January 28, 2013

201 Winter Tomatoes [28 January 2013]

Tomatoes are the second most popular vegetable in the USA (and probably in Canada too) after lettuce. Tomatoes are also the vegetable we most like to complain about, at least during the winter. While they might look attractive, commercial tomatoes taste nothing like those picked fresh from our summer garden.

There are reasons for winter tomatoes’ lack of taste (and several reasons besides taste to avoid them). Most commercial table tomatoes for the USA winter market are grown in Florida. There they are picked while still hard and green and are later gassed with ethylene in the warehouse to ripen. So they look red and pretty, but the taste is unsatisfactory to say the least.

The problems with commercial winter tomatoes go far beyond taste. To withstand being shipped great distances they are bred for the hardiness of the fruit, not for its nutritional content. USDA tests show that modern tomatoes contain 30% less vitamin C, 30% less thiamin (B1), 19% less niacin (B3) and 62% less calcium than tomatoes tested in the 1960’s. (Actually I was surprised that their nutrient content was even this good.) One mineral that actually increased is sodium – by a whopping 1400%. Another reason, besides breeding, for the lower nutrient content is the low soil fertility in Florida which requires high amounts of chemical fertilizer. The problem with commercial fertilizer is that it contains only the macronutrients required to improve yield while ignoring trace minerals (like selenium) which improve the nutritional value but are invisible to shoppers and do not add to the price the farmer can get for his crop.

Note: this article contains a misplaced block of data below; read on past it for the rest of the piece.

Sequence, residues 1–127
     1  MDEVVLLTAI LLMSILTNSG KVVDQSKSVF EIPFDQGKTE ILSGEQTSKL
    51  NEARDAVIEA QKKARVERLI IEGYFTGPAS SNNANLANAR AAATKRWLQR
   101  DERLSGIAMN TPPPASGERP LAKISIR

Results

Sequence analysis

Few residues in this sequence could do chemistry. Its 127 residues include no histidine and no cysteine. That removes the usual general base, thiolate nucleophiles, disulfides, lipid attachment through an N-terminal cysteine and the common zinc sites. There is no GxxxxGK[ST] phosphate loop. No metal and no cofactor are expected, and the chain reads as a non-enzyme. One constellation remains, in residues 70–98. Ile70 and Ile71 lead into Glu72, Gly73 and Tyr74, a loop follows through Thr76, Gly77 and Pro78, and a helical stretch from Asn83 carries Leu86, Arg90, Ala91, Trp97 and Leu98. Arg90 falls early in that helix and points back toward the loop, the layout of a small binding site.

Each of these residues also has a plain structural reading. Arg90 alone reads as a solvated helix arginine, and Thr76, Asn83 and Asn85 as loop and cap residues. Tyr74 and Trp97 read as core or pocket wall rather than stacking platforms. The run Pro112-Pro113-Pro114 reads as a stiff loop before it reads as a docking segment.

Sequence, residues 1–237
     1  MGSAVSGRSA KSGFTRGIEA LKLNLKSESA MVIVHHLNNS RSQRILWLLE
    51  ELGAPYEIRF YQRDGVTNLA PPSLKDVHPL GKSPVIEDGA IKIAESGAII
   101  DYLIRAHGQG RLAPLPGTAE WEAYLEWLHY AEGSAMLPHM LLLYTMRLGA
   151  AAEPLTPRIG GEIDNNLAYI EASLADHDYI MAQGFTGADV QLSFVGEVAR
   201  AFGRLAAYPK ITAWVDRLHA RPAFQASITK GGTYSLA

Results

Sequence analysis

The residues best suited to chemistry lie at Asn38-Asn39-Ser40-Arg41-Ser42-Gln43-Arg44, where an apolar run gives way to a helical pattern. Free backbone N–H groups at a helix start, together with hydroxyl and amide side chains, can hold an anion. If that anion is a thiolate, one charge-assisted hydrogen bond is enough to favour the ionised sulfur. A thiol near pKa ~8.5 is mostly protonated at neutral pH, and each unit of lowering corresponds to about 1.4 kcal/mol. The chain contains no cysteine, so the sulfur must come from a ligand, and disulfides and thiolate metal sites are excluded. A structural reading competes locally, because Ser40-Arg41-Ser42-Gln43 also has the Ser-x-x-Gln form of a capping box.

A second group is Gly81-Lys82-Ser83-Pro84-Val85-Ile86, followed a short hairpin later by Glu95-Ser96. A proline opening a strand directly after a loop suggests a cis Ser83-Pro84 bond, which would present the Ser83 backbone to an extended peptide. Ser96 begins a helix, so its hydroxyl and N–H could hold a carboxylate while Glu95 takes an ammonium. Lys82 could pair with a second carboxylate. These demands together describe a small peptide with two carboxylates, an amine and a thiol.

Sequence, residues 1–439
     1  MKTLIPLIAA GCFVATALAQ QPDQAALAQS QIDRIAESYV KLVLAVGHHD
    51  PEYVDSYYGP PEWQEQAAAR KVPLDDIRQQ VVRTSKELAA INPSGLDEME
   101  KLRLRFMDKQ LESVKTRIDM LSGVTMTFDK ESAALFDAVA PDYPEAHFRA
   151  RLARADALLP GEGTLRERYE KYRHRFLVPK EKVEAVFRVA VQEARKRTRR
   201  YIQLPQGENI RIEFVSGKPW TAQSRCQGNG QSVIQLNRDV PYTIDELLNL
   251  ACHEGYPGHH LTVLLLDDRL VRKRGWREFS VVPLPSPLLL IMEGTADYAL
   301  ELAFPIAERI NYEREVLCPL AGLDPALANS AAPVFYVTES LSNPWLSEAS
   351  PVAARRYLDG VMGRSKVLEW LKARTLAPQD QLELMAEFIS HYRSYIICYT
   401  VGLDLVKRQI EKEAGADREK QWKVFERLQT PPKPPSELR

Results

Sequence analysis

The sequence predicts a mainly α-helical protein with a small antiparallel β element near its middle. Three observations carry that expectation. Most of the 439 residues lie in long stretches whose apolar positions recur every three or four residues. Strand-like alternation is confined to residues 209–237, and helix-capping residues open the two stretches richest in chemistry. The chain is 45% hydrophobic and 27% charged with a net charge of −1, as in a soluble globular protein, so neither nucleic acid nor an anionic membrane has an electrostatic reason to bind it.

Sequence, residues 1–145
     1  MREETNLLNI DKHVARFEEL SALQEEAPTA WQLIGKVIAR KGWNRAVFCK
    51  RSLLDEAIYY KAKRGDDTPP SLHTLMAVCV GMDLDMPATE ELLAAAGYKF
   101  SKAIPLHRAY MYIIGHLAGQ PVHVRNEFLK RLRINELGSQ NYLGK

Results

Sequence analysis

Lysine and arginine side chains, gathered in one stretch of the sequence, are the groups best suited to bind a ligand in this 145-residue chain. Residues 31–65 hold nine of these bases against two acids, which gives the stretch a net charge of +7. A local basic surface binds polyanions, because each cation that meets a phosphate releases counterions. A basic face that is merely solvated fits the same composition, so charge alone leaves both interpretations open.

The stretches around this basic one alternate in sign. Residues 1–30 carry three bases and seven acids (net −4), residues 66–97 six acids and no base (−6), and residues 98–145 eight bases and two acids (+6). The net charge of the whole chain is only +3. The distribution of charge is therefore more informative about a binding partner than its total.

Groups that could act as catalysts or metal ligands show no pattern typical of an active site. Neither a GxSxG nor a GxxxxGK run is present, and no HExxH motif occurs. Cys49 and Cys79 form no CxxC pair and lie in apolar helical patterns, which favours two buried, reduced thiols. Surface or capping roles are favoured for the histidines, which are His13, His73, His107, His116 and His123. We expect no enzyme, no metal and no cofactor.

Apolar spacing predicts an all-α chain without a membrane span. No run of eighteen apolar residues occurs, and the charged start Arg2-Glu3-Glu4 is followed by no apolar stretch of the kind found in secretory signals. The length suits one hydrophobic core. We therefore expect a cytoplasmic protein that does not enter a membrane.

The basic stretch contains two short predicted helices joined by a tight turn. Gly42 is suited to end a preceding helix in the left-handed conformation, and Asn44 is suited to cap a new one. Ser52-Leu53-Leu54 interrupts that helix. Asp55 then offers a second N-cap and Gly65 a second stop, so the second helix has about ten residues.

The other problem with Florida for growing tomatoes is the humidity which promotes fungal diseases and insect pests, all of which require very high amounts of more than 100 different pesticides, some of which remain on or in the fruit.

Vine-ripened locally grown greenhouse tomatoes should be somewhat better on several counts (besides tasting better) – natural ripening, lower use of pesticides, possibly more nutritious varieties, and possibly better micronutrient fertilization. Well worth the extra price, in my humble opinion.

Source: Tomatoland: How Modern Industrial Agriculture Destroyed Our Most Alluring Fruit, 2011, by investigative food journalist Barry Estabrook.

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